Something Smells Rotten at Deerfield Beach's Mango Festival
One of the photos that Mango Festival organizers did not want you to see.
The Mango Festival of Deerfield Beach has a math problem: Its most recent festival, in June 2008, attracted a lot of people. But for some reason, it didn't make a lot of money. And for the city, which has invested more than a million dollars in that festival over the last several years, that should be cause for concern.
"There's nothing that we're hiding," insists the festival's president, Norm Edwards. "Everything is done by the book."
We'll see about that. After the jump, let's take a close look at how the Mango festival handles its money.
The Mango Festival, which enjoys the backing of two long-standing Deerfield Beach politicians -- State Rep. Gwyndolen Clarke-Reed and Commissioner Sylvia Poitier -- was canceled in 2009 due to funding cuts, but there are plans to stage the festival again in 2010, when it's due to receive $25,000 worth of city support.
That's a far cry from the generosity of days past. As recently as 2006, when the more beneficent Larry Deetjen was city manager, the festival received some $420,000 in city funding, according to documents that Commissioner Bill Ganz requested.
In 2008 the city authorized the spending of $165,000 toward that year's Mango Festival, which was held for one day (June 16), where in years past it occupied an entire weekend. Still, it's fairly astonishing that -- according to records the festival provided to the city -- it only collected about $18,000 in ticket sales. VIP tickets were $20 and $15. General admission was $10 for adults and $7 for children.
So if the average ticket was about $10 and the festival only collected $18,000 then that means only about 1,800 people attended the festival. Its president, Edwards, told me he didn't know what the attendance was. So I asked vice president Terry Scott. "Only about 3,000," he said, of the attendance.
When I phoned Edwards back and asked him if he was surprised by how little was collected at the ticket gates, he said "No." And he took no issue with the 3,000 figure that Scott gave me.
So I phoned Broward Sheriff's Office Lt. Mark Frise, who helped to organize the department's security effort and who was present at the event, as he was the previous seven festivals. I told him the attendance figure that Scott gave me. "Three thousand?" he asked. "That's absurd."
I recounted this exchange with Edwards. I also told the Mango president that the photos from the 2008 event displayed on the festival's website (and pasted into this blog post), suggest that there was a big crowd, both during the day and the night, far in excess of 3,000.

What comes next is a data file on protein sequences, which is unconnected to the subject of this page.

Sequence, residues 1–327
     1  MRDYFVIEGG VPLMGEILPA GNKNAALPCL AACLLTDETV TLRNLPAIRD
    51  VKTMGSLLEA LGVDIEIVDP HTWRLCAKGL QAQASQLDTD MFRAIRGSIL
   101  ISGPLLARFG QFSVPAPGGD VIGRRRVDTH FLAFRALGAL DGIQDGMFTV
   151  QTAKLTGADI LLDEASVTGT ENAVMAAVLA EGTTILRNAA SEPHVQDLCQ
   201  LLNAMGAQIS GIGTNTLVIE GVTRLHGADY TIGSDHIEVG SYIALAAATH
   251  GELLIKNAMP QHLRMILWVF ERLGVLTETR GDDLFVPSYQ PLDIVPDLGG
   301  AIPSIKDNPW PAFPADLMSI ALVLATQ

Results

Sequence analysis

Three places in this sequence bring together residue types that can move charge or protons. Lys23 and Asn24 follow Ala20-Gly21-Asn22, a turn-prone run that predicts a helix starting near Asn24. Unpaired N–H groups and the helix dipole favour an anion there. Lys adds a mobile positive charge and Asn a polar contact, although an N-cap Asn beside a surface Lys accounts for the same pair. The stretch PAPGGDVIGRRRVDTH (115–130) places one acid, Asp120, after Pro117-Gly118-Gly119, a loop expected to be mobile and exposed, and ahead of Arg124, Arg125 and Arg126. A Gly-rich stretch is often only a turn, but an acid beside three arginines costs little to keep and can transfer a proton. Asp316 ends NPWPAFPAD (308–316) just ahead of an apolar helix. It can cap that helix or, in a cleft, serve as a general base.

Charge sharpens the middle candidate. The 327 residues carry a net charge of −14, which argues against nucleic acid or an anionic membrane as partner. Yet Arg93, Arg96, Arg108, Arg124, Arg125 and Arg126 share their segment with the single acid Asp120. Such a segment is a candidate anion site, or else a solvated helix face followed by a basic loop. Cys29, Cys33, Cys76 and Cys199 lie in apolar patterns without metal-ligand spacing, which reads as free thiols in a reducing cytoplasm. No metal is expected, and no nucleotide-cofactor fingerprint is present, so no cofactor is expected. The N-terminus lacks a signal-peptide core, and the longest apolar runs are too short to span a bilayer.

Edwards insisted I was mistaken, that those photos were from an older, more heavily attended Mango Festival. About 15 minutes after I hung up with him, I recalled that part of our conversation and re-loaded the website. The crowd shots had already been taken down. (I had saved them to my computer the day before.)
In past conversations, I'd asked Edwards and Scott what measures they took to prevent ticket collectors from skimming the gate proceeds and how they guaranteed that the cash collected at the festival was all documented. I was told that police had that responsibility.
"There's a BSO deputy who goes with us to collect everything," Edwards explained. "And then it's documented. After it's itemized, the city sees that sheet."
Again, BSO's Frise said otherwise. His officers monitor Mango organizers, but only to prevent them from being robbed by someone in the crowd. "If anyone from the Mango committee said that BSO is there to monitor the money to make sure that there's no skimming, that is absolutely incorrect," Frise said.
In more recent conversations, Edwards and Scott conceded the point.
I sent an email yesterday to the city's acting director of Parks and Recreation, George Edmunds, asking how the city monitors the handling of money at the Mango Festival. He has not responded. City Manager Mike Mahaney has also failed to respond to emails with the same question.
Edwards and Scott struggled to explain how they can guarantee that their ticket collectors aren't skimming and how they can guarantee that no one else is pocketing proceeds of the event. Ultimately, Scott admitted that it's an honor system.
But theoretically, with all that cash, the organizers could under-report ticket sales and pocket the difference. That's why the disparity between attendance figures is so troubling.
Frise told me, "I've heard estimates of 25,000 (attendance), which might be a little high," but he says it's still much closer than 3,000. If there were 20,000 who paid their way into the festival, then the organizers should have collected approximately $200,000 at the gate, rather than the $18,000 they reported to the city.
The math at the Mango is not the only concern. I've reviewed the organization's tax filings and compared them with the documents it provided to the city. That brings a host of new questions. Among them, it's not clear why the city cut the Mango Festival a check for $36,000 in June 2008. I was to speak with Edwards at 3 today to clear up those questions, but he missed our appointment.
Blogger Chaz Stevens has been hounding the Mango organizers at least since May, when he acted on his legal right to review the tax filings of the nonprofit -- he says Mango never responded to those requests. He, too, had saved photos from the 2008 Mango Festival and he put them in this collage, which is an even more vivid illustration of the event's popularity.
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